Whiskey Review: McMenamins Billy Whiskey

, | April 30, 2015

billy-reviewEditor’s Note: This whiskey was provided to us as a free sample to review by the party behind it. The Whiskey Wash, while appreciative of this, did keep full independent editorial control over this article.

McMenamins Billy Whiskey, released by the Portland-based brewpub chain behemoth McMenamins in September of 2014, is a welcome addition to the Oregon spirits family. As we wrote about not too long ago the whiskey is distilled at the Cornelius Pass Roadhouse Distillery in Hillsboro, a suburb of Portland, as opposed to at McMenamin’s popular Edgefield Distillery, like the limited edition Devil’s Bit.

The CRP distillery, as they colloquially call it, was founded in 2011, and used a 100 year old French Cognac still (a 160 gallon Alambic Charentais pot still, to be exact) to make their Billy Whiskey.

McMenamins, as is custom with their other spirits, only sells their whiskey at McMenamins outlets and distilleries (by the glass or by the bottle). The $35 per 750ml Billy Whiskey certainly proves worth the visit.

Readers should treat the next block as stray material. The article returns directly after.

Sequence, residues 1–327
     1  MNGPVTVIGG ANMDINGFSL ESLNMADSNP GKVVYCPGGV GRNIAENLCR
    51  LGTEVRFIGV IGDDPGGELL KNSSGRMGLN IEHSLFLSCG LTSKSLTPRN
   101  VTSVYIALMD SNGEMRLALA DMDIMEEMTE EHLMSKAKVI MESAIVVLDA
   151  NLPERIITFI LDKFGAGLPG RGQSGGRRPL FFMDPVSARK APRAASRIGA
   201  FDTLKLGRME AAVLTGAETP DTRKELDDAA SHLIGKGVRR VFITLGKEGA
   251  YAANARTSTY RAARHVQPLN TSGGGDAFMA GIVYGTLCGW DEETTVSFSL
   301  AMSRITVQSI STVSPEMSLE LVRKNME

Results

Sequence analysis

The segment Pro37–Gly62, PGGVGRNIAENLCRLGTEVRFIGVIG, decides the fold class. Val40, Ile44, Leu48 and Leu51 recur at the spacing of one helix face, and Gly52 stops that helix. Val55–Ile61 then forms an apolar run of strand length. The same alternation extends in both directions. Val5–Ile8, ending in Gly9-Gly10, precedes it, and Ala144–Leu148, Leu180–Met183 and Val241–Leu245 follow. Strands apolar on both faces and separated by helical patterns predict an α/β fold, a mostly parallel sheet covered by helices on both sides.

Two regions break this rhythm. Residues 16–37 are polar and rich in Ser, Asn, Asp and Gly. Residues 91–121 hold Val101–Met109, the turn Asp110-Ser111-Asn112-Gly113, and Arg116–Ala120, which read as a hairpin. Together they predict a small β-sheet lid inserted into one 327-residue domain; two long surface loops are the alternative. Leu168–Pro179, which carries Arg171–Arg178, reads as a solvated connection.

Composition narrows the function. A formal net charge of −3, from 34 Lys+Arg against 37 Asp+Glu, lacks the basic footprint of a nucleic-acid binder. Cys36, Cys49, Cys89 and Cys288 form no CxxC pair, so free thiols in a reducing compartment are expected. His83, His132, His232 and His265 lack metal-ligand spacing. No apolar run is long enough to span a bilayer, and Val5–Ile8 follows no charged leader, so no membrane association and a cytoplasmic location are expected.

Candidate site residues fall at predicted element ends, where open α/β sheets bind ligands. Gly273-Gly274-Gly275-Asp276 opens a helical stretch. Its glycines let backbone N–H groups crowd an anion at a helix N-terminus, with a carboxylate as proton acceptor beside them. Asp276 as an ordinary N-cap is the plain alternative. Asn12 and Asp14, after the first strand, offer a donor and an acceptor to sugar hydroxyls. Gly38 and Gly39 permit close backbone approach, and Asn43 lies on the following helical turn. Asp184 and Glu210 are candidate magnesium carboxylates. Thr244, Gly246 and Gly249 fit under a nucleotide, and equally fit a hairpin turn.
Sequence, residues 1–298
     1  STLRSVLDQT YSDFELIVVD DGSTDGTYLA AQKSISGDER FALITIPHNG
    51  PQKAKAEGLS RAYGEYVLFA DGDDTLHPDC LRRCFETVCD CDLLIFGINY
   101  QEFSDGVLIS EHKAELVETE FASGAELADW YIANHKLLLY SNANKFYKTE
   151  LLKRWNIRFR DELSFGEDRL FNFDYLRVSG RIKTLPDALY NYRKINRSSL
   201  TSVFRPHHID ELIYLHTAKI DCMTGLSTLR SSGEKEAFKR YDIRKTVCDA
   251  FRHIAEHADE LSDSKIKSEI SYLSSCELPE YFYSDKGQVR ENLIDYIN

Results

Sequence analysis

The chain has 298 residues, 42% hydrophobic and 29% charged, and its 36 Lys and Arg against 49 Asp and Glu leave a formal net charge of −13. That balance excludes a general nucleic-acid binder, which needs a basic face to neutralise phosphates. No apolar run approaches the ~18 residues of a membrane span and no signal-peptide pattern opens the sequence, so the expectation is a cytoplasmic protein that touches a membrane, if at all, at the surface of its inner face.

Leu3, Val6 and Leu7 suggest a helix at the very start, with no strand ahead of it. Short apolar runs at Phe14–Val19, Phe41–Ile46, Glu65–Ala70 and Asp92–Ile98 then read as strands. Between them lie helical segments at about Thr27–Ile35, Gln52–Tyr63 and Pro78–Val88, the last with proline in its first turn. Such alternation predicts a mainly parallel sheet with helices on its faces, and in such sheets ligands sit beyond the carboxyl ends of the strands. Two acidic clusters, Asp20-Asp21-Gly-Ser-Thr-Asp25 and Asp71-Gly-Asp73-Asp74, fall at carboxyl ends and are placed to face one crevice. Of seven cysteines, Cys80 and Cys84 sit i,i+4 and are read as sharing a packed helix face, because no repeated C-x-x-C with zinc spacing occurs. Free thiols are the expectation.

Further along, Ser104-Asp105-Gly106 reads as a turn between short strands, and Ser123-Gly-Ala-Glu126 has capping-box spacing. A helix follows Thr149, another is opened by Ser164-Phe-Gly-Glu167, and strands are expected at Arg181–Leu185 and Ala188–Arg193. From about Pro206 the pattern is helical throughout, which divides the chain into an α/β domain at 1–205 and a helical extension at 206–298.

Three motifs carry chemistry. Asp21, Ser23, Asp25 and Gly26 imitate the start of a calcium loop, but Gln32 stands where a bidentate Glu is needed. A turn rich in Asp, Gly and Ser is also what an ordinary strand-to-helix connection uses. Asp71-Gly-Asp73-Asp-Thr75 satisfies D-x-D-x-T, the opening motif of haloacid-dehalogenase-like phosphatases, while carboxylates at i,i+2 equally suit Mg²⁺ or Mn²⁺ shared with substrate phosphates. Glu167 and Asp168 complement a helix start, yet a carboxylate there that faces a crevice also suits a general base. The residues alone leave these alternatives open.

Billy’s wheat-heavy mash bill and 2+ year aging in “lightly toasted” oak barrels does not garner it a bourbon labeling (this necessitates a mash bill of at least 51% corn), yet still provides for a surprisingly complex spirit.

The light caramel shade of the whiskey connotes its youth, yet its nose and palate prove its age does not define it. The nose imparts a bevy of toasty baking spices; cloves, cinnamon, allspice, and slight lemon zest provide the feeling of smelling a gingerbread cookie straight from the oven. The warmth of baking spices continues on in the palate, with darkened gingerbread, candied ginger, and espresso notes defining the spirit. Billy’s official tasting notes offer molasses on the palate, which is clear from the gingerbread taste.

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The aftertaste gives strong notes of Dutch speculoos cookies, lingering warmth but not overwhelming bite, and slight ginger.

A lovely whisky overall, despite its relative youth. The nose, palate and aftertaste exhibit a wonderful symmetry. I would absolutely make the trek to purchase a bottle of McMenamins Billy Whiskey again, especially at $35 a pop. It would surely prove a great whiskey for cheering up dreary Portland winters, but drunk on a warm summer day it could be quite enjoyable as well.

I give McMenamins Billy Whiskey a score of 93 for value, consistency and great flavor.

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Savannah Weinstock

I am a graduate of Lewis & Clark College in Portland, OR whose Environmental Studies thesis focused on “Scotch Whisky, Sustainability, and Commodification of Nature & Culture”. While writing my thesis, I spent time living and studying in Glasgow, Scotland where I visited and interviewed distilleries nationwide, concentrating on the...